The midfield set-up sans Jack Steele seemed to work, but again the question about the Saints of 2017 – almost certain to prove the transitional pathway to the Saints of 2018 by personnel and dynamic – is about intent. I don’t think it would have mattered too much if the choice Steele of Dunstan would of made a tangible difference. The hunting in numbers was ferocious in tight, the aggression at the ball

Listen to the fans(?)

Richo was genuinely under the SEN/Twitter/BigFooty “news” cycle pressure for the first time, reflected in a growing divergence between where he publicly appeared to apportion reasoning for the trio of shocker showings and the personnel played, and what the fans believed to be the best thing for the club (this obviously varies wildly). It felt like this had hit some sort of crescendo when Richo revealed in the late-week press conference that Steele would be dropped. The reaction prompted Twitter to have its own article about it trending.

Perhaps Richo was thinking it was time for some tough love. Dropping Bruce had prompted his best game on his return, on a night in which we’d only kicked three goals at the final change. Perhaps the coaches are it will have the same effect on Steele? And maybe put others on notice too.

Dunstan has been see perhaps too one-dimensional and I think right now we’re hoping for a Seb Ross-style stealth development from him, gradually adding layers to his game. He showed off the upside of his inside work early as well as his newfound decent disposal, running to receive the footy that was turned over by Lachie Hansen’s chest mark drop on the wing and kicking beautifully to Bruce. The kick at goal was a huge reward for the passage that signalled the team’s intentions. Shortly afterwards he bulldozed through traffic on the opposite wing for two hard balls with a dish out to Lonie who kicked the first of incredibly rare back-to-back bullet passes. Gilbert to Billings was the second, and you can throw in Billings’ finish for the third if you like.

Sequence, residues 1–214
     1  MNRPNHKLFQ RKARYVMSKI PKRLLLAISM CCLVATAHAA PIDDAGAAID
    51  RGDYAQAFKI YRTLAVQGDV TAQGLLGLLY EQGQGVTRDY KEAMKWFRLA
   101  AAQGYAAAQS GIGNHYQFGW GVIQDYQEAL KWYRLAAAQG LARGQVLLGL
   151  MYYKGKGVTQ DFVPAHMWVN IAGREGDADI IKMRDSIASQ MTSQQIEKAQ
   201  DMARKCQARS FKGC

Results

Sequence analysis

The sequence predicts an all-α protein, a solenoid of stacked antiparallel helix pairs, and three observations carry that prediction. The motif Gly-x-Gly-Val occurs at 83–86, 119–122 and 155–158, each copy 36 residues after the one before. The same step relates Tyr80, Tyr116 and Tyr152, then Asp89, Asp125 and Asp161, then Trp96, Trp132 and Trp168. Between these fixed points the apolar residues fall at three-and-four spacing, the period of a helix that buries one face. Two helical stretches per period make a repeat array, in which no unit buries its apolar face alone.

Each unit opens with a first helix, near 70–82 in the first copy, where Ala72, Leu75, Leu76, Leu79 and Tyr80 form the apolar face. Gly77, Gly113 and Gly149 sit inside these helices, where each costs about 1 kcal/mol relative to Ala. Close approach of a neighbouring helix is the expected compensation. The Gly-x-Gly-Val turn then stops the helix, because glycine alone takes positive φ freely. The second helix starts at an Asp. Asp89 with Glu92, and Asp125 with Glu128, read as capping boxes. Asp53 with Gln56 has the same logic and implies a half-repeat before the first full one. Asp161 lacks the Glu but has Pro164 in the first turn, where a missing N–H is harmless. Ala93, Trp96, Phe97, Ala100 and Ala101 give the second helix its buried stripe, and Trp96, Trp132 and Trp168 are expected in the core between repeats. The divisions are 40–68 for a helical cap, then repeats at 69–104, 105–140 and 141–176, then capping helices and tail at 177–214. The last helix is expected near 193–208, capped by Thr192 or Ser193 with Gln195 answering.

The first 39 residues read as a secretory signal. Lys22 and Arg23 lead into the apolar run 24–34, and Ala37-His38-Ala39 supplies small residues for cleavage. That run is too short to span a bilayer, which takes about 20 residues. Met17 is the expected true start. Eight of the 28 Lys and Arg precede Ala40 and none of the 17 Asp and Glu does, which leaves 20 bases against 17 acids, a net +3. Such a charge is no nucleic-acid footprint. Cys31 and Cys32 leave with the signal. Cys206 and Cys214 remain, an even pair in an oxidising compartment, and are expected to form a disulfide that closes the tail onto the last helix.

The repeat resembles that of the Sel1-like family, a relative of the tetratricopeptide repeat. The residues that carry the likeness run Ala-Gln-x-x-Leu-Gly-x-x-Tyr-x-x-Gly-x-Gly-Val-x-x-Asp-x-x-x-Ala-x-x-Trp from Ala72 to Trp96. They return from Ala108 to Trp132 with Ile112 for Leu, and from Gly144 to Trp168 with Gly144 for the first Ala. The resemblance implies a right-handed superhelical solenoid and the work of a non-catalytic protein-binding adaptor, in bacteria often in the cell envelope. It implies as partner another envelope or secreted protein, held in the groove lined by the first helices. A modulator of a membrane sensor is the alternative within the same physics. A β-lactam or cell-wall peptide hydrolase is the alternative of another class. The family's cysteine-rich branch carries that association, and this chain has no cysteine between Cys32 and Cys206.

It was the lowered kicks and a distinct lack of clang that made Dunstan’s game seem much more like the Luke Dunstan of early 2014; a bolter in the 2018-2022 Premiership Captain stakes and what appeared to be our first draft pick since the Roo, Kosi, Lenny, Dal, etc. generation to make an immediate impact. The fear has been the ceiling was reached far too early, but if Seb Ross is what Seb Ross is now then I’m willing to accept Dunstan could follow a similar trajectory. His numbers of 18 possessions, six tackles and the token skewed set shot at goal felt like they said a lot more than his 28 touches against Carlton.

Maybe Dunstan will be one of those that answer the wake-up call of being dropped back to the broken-down Sandy. Bruce has now played his best two games for the year since returning from his omission.

A couple of issues come out of this immediately. Firstly, Sandy has the bye, meaning Steele has to wait at least one more week just to get the chance to prove himself, and I doubt he’ll come straight back in if Dunstan and Koby Stevens are still fit – not to mention Armo looking at a return to Sandy in a couple of weeks. That leads us to the second issue, which is team balance. I doubt our midfield can get by with all of Steele, Stevens and Dunstan in the same side, let alone throwing Armo in there as well, as much as I think Armo is quite possible cooked.